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U.S pledges to support Nigeria in implementing its Disability Act

By Our reporter

Dec. 3, 2020- In commemoration of the International Day of Persons with disabilities, the United States Mission in Nigeria has pledged to support Nigeria for a successful implementation of the Persons with Disability Act to ensure their full inclusion into society.

Ms Jean Clark, Spokesperson for the U.S Embassy in Abuja made this known on Thursday in Abuja during an event and film screening organised by the Embassy to commemorate the global event.

Nigeria’s President, Muhammadu Buhari had on Jan. 23, 2018 signed into law the Discrimination Against Persons with Disabilities Act, following nine years of relentless advocacy by disability rights groups and activists.

Clark said this year’s celebration also coincides with the 30th anniversary of the landmark legislation, the American with Disabilities Act (ADA) which opened doors for persons with disabilities to participate fully and independently in the American society.

She said that since ADA became a law in America three decades ago, it has facilitated greater opportunities for Americans with disabilities to engage in their communities.

Clark said the implementation of the legislation improved access to employment for persons with disabilities, access to government services, public accommodations, commercial facilities and public transportation.

She said the U.S mission in Abuja will share successful experiences of ADA with Nigeria to strengthen the implementation of disability rights in Nigeria.

“Engaging and reaching out to people with disabilities is a major priority for the U.S Embassy’s program in Nigeria.

“I am also delighted to be here today for a program that promotes element of sports, and youth inclusion for persons with disabilities.

“We here at the U.S Embassy will continue to show our commitments to promoting equal opportunities for persons with disabilities, particularly by empowering our alumni and hosting programs such as this.

“As Nigerians and Americans share a passion for different sports which bring us together, we recognise that sports serve as a unifier and a catalyst for challenge.

“Therefore, we continue to advocate for increased participation of persons with disability in sports and for provision of sports equipment for them.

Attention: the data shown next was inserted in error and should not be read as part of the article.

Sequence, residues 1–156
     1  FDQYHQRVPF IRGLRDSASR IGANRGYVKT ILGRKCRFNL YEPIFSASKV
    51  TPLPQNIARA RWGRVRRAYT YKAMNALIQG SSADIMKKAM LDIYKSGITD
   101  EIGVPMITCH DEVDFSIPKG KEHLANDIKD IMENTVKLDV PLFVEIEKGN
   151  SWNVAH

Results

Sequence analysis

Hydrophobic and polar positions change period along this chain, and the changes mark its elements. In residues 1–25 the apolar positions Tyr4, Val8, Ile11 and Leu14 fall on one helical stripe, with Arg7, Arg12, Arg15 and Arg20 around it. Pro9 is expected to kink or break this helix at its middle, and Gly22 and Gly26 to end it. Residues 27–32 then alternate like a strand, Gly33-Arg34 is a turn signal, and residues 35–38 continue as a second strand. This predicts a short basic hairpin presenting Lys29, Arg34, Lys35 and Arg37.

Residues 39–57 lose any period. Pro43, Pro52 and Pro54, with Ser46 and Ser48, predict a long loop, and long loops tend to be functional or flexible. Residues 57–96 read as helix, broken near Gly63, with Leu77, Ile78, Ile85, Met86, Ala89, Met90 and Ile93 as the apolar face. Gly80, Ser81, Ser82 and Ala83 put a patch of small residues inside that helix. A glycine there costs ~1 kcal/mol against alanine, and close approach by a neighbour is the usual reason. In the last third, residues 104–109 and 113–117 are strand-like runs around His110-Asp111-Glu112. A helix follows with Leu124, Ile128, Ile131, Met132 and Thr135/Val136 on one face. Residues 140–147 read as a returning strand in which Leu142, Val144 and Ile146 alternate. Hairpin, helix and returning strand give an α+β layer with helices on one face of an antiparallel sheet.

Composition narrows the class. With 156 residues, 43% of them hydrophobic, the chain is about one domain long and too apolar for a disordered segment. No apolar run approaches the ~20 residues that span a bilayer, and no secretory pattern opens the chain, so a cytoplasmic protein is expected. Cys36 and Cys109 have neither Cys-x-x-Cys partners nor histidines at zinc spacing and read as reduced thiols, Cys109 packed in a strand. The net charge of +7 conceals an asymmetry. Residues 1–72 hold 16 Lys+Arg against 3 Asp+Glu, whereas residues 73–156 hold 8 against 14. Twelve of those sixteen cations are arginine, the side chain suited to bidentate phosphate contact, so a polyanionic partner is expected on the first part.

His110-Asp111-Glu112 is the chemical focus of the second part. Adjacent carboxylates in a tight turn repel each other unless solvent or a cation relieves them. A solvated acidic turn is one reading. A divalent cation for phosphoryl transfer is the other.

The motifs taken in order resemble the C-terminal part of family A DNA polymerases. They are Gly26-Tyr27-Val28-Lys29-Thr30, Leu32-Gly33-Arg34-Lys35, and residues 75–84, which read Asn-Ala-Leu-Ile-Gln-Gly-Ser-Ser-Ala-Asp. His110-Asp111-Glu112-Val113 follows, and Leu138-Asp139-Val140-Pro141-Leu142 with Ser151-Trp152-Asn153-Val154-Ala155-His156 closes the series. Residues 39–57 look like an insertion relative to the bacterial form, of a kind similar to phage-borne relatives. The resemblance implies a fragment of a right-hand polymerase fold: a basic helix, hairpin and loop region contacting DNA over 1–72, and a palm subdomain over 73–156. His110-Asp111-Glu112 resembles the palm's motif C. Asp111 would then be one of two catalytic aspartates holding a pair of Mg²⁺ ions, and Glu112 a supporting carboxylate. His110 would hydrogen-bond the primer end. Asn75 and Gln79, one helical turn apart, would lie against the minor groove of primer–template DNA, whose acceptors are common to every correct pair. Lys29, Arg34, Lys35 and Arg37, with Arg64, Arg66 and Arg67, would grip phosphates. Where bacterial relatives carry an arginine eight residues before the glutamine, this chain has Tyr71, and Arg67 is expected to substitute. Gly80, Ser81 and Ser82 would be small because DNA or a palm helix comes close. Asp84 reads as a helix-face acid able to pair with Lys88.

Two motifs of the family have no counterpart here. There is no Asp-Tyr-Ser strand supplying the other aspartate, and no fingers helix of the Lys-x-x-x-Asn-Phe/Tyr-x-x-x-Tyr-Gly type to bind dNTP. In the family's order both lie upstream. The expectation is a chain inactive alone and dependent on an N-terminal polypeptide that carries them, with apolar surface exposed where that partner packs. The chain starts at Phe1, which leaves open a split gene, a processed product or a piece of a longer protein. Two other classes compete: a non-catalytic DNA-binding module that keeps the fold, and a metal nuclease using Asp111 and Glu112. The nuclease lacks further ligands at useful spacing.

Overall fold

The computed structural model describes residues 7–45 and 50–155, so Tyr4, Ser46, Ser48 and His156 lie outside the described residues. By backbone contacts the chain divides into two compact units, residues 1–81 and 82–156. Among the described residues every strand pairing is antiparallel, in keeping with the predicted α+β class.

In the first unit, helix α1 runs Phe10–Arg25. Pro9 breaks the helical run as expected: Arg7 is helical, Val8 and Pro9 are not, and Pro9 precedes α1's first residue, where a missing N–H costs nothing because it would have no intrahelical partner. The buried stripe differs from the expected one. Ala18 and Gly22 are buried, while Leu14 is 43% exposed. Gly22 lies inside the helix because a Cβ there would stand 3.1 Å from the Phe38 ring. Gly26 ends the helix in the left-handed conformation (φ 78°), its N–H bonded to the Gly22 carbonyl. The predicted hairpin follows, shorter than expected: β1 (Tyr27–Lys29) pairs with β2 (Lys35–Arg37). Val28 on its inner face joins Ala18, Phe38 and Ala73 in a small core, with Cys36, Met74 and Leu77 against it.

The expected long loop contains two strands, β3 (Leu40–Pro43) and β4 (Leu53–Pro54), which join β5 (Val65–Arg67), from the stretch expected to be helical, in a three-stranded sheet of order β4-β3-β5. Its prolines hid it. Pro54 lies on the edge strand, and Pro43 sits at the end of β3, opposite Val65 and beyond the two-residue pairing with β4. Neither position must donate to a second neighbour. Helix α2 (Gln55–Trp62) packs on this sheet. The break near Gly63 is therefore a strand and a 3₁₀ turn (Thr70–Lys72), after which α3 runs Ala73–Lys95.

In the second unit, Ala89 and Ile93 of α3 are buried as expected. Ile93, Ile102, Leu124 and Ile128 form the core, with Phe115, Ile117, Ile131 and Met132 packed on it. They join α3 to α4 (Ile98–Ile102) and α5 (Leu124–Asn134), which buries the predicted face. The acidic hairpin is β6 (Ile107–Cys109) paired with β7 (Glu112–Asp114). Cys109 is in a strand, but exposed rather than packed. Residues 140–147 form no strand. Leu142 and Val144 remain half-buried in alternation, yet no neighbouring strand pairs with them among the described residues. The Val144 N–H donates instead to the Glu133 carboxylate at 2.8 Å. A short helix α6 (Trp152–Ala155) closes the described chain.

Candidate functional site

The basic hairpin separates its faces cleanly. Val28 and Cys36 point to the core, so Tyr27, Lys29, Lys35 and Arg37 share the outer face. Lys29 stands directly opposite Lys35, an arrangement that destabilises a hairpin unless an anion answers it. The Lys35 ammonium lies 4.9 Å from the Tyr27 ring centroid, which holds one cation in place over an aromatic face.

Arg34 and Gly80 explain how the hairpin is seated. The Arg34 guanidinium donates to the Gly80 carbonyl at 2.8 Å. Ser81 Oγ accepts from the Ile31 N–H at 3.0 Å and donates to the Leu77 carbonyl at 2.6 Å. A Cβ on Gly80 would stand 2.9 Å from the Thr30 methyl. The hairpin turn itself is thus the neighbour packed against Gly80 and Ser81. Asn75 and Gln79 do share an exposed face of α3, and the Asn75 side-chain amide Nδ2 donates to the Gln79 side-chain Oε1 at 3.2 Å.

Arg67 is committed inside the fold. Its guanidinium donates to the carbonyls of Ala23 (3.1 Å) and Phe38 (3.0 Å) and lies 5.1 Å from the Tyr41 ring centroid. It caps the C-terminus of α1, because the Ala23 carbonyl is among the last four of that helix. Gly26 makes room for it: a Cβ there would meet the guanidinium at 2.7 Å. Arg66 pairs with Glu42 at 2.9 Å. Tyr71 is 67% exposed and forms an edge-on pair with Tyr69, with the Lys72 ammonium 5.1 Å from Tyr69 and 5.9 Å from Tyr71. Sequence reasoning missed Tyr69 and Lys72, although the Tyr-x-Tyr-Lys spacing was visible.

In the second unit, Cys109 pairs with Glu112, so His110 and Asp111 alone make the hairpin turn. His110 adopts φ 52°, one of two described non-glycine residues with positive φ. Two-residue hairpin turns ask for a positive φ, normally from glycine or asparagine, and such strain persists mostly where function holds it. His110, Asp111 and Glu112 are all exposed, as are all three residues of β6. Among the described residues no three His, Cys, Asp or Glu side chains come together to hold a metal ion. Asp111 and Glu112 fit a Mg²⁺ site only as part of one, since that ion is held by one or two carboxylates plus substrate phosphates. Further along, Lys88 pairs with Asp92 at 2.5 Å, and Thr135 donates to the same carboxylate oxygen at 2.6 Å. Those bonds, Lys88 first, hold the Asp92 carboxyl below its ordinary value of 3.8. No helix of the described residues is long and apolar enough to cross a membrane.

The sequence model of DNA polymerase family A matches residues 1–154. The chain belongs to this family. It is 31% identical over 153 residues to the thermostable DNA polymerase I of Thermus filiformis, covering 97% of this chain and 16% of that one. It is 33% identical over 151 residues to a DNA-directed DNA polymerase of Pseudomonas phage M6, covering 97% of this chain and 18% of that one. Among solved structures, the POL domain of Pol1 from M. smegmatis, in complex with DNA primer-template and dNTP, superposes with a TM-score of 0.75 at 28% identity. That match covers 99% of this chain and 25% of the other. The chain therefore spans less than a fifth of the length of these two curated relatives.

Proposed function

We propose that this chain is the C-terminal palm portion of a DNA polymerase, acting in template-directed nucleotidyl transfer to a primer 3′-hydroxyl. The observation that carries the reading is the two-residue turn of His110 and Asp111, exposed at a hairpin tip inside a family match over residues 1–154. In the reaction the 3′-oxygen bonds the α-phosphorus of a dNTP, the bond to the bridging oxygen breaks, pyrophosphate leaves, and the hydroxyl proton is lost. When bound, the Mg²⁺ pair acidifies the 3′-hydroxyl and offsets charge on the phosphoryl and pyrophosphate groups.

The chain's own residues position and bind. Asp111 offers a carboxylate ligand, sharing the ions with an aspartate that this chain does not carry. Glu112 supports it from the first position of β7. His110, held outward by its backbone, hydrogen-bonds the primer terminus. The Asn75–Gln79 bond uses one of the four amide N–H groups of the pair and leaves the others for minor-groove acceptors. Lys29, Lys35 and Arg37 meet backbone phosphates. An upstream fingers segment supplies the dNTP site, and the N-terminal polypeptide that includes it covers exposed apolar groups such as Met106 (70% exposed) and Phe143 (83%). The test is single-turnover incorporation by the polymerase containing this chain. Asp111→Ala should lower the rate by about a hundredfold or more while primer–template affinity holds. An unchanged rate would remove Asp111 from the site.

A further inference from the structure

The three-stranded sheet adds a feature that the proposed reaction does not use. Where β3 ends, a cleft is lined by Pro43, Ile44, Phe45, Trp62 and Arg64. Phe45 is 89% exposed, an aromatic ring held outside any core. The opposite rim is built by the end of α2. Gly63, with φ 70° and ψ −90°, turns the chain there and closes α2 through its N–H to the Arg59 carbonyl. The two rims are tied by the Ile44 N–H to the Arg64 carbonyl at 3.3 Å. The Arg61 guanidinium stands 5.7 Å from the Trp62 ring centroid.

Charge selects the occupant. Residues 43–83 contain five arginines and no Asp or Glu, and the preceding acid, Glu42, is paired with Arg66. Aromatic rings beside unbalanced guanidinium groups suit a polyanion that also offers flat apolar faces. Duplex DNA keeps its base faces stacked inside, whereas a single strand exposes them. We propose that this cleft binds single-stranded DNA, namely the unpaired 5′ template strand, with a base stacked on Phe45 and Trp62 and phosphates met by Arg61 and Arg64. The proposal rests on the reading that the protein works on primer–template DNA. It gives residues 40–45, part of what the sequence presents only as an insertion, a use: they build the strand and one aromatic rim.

“Aside from helping these young people exert their energies in a positive activity, this program demonstrated our commitment to promoting capacity building for youths with disability as well as increasing their participation and inclusion.

“With the passage of the disability rights legislation in Nigeria, we encourage continued partnerships to explore opportunities and support increased participation of persons with disability in sports.

“We also encourage the reflection on the American Disability Rights to strengthen the implementation of disability rights in Nigeria.

“Our interest is in sharing our experience and helping to help Nigeria become a more inclusive society as your legislators has recognised through that bill,” Clark said.

Mr Isreal Balogun, Technical Coordinator, Project and Inclusion, Christoffel Blinden Mission, Nigeria who joined the event virtually also reiterated the need for the implementation of the Disability Act.

Balogun said that a lot of barriers exists in Nigeria when it comes to persons with disabilities across all sectors, health, educations, sports, hence the need for governments and stakeholders to chat the way forward.

He added that the emergence of the Coronavirus (COVID-19) pandemic has also created huge humanitarian crisis and persons with disabilities have been affected even worse.

“The government is trying to do its best but there is a need for adequate social protection measures, creating enabling environments.

“That will enable persons with disabilities to be able to fit into the society on an equal basis with people without disabilities.

“It is a human right issue, it is a right-based issue and also a development issue.

“So for us as a country, I think learning from what has happened in America where there is very good social support system is very important.

“There is need for stakeholders, government, international state actors to sit and chat a way forward.

“We have a national policy, we have a disability Act, it is the implementation and how they will go about it.

“We need to carry everybody along, there is need for awareness creation, ethical reorientation, there is need for a change in addressing the barriers that people with disabilities across all boards.

“Currently in COVID-19 a lot of people with disabilities are lacking social protection across the humanitarian crisis that is happening globally,” Balogun said.

The Humanitarian Post

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